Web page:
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‘The Return of the Dapper Men’ by Jim McCann, art by Janet Lee

Return of The Dapper Men

I loved this comic from the second page, where the art style, colours, language and atmosphere had me falling utterly in love. I liked the whimsy and the sense of motion and posture in the characters as they moved in the world. Sometimes the language seemed a bit inaccessible and awkwardly phrased, but the words were beautiful and fit the art and the emotion of the moment, so it hardly seemed to matter. It carried a feeling of nostalgia and childhood curiosity about it that delighted me, and I do have a deep-seated love for beautiful and unusual vocabulary. At the back of the edition I previewed at Netgalley, there was an extra treat with the description of artistic process, which gave me an added appreciation for the gorgeous art on my second read through.

It was only halfway through the comic that I sat back and frowned to myself. There was a boy and a girl, friends, the main characters. But the boy was active, verbal; when he talked people listened. The girl was a mute robot who was beautiful and most of what we hear of her is from the boy, who interprets her intentions to the world and speaks for her. It sounds a lot worse on paper than it was in the comic itself, which was focused far more on the give and take of dialogues of all kinds, but it felt odd to me. Then the characters the book is named for arrived, and – oh dear a minor spoiler my friends – the only other female characters that are really noticeable to a first-time reader are a mother-figure, a large statue of a woman who is inert, and a young petty girl who is told off by a Dapper Man for being stupid. It really does sound worse written out and all at once there, and is far less obvious in the comic, but it made me feel uncomfortable. A little heartbroken. I had fallen in pure, devoted love with this comic and so the minor let-downs at intervals along the way ate into my joy.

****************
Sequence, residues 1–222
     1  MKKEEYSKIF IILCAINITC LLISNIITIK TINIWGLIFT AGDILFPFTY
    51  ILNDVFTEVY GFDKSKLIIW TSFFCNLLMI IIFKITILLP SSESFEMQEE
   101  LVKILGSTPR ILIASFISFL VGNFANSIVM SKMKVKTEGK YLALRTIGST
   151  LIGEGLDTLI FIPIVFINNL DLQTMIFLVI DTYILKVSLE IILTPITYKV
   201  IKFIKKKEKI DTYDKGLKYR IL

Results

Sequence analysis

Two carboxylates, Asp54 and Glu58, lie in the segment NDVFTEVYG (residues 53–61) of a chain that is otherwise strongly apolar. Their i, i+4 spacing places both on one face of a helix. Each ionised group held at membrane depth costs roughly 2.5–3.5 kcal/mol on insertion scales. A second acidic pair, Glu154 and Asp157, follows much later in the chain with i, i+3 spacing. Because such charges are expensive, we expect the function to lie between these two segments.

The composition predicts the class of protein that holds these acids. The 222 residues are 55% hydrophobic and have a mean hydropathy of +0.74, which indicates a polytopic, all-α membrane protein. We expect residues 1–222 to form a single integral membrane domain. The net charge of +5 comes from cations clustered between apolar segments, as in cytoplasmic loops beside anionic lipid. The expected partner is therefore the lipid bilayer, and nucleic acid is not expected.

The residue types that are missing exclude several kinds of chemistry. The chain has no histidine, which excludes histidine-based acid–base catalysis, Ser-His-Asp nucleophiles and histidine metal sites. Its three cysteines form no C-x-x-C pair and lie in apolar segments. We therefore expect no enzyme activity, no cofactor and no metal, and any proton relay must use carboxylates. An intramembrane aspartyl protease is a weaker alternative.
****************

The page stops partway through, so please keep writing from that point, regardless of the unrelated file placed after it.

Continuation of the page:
It was beautiful. I want to read it again. Then again. I will stare at the pages and let my eyes drink in the colours and the expressions and art of it. For the moment, I will sigh, and remind myself that it’s not this story that I have problems with, but that some of the parts of it remind me strongly of the broader stereotyped treatment of female characters in comics as a whole genre. I would recommend this to anyone, really, and I’d love to hear any comments from anyone else on the parts I found problematic.